Canada, U.S. reach NAFTA deal, now called USMCA – media
Canada and the U.S. have announced a tentative new trilateral trade deal with Mexico that includes some key concessions on issues of import to both countries – and also a reworked name: the United States, Mexico and Canada Agreement (USMCA).
"USMCA will give our workers, farmers, ranchers, and businesses a high-standard trade agreement that will result in freer markets, fairer trade and robust economic growth in our region," Foreign Affairs Minister Chrystia Freeland and U.S. Trade Representative Robert Lighthizer said in a joint statement released late Sunday, CBC News reports.
"It will strengthen the middle class, and create good, well-paying jobs and new opportunities for the nearly half billion people who call North America home," the statement said. "We look forward to further deepening our close economic ties when this new agreement enters into force."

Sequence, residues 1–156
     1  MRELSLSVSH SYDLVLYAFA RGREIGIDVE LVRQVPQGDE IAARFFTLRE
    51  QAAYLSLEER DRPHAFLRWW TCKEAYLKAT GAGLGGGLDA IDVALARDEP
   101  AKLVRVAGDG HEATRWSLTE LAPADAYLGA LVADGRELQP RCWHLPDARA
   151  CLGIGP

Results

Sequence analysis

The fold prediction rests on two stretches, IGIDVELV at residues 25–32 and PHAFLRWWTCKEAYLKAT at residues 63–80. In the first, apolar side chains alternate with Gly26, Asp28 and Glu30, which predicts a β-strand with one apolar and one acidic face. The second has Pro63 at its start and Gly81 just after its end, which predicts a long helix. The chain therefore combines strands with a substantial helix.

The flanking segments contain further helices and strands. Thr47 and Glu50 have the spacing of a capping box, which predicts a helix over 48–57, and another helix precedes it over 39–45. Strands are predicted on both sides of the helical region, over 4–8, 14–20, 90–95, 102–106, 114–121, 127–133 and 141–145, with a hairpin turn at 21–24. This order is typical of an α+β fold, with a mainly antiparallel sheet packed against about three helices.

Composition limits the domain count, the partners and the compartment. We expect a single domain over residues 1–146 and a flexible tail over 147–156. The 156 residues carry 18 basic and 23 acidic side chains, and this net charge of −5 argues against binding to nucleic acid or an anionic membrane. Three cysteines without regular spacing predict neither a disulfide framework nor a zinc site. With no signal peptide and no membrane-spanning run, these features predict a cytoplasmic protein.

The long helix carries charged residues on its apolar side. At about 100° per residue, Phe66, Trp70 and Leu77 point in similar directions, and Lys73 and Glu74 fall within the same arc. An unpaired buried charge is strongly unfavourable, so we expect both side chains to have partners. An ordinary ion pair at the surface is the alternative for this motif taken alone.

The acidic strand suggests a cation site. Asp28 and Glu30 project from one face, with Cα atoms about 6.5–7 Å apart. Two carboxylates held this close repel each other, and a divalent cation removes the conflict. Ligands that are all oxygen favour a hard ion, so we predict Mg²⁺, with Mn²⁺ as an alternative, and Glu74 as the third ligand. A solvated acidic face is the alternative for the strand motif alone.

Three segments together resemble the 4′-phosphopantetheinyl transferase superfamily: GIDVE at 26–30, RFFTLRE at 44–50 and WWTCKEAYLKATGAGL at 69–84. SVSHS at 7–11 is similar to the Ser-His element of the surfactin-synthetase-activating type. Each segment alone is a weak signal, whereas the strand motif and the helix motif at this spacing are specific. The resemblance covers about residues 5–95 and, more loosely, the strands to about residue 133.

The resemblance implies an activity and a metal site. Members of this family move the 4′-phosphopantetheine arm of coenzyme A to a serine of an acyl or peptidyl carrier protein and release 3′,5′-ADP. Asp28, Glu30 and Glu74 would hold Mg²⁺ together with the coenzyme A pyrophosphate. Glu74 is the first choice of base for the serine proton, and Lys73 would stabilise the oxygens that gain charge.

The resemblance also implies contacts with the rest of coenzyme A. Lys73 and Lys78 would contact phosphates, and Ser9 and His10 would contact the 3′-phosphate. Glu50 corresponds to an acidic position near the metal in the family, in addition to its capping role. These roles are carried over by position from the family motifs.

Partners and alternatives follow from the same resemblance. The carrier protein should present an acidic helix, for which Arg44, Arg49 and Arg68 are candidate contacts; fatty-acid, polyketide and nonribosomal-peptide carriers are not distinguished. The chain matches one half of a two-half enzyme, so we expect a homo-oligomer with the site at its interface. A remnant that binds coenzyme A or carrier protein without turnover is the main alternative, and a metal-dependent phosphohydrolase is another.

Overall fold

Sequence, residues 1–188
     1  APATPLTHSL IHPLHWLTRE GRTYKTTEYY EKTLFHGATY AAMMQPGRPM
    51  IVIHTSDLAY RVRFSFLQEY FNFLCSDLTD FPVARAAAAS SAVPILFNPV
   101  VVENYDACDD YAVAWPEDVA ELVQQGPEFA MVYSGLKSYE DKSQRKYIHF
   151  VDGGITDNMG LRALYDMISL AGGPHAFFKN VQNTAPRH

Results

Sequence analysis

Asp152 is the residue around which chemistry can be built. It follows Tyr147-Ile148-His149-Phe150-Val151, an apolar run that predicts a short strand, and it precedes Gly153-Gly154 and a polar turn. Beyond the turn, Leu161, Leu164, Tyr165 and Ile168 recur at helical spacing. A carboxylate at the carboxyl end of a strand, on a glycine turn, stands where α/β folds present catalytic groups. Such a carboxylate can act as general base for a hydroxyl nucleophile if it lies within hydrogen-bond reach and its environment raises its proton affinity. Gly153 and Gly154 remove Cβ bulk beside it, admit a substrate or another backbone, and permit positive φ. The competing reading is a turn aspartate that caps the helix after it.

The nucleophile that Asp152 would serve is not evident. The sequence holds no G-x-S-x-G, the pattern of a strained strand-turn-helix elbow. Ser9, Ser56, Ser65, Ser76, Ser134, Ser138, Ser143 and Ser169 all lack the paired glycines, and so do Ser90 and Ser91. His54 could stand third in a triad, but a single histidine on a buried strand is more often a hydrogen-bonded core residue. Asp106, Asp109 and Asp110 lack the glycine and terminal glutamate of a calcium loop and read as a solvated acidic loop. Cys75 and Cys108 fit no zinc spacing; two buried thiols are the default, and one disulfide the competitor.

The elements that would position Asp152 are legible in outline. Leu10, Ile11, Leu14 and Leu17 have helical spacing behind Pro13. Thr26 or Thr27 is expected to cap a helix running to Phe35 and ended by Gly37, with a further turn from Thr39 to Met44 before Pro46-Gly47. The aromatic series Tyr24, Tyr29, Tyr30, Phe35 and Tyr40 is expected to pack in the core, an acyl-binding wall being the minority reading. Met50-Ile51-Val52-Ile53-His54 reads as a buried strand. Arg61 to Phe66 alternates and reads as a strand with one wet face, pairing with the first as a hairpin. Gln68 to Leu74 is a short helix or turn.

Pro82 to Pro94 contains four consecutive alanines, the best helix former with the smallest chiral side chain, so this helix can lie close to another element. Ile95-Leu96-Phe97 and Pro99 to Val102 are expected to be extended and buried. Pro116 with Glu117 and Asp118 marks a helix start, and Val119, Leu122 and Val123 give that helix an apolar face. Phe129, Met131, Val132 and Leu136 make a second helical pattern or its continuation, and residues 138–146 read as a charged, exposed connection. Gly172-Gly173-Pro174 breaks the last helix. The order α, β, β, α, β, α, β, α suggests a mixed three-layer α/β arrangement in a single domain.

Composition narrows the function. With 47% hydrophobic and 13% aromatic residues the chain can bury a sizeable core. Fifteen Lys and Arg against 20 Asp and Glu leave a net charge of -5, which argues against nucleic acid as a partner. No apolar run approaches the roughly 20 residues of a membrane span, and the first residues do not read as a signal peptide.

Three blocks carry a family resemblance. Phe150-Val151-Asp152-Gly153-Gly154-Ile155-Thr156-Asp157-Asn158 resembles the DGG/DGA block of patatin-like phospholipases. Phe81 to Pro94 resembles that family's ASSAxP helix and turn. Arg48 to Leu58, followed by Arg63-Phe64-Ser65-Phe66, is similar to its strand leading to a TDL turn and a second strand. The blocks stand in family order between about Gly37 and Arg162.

After 14 months of intensive and often fractious negotiations between the two countries, Prime Minister Justin Trudeau convened a late-night meeting of cabinet to brief ministers because a deal had been reached only hours before a U.S.-imposed midnight deadline.
Leaving the meeting about an hour and 15 minutes after it began, Trudeau said only that it was "a good day for Canada" and that he'd have more to say to reporters on Monday.
In a background briefing with reporters, a senior Trump administration official heralded the USMCA as a win for all three countries.
"This is a big win for the U.S., Mexico and for Canada and it fulfils one of the president's most important campaign promises," a senior Trump administration official said. "We think this is a fantastic agreement. It's a great win for the president and a validation of his strategy in the area of international trade."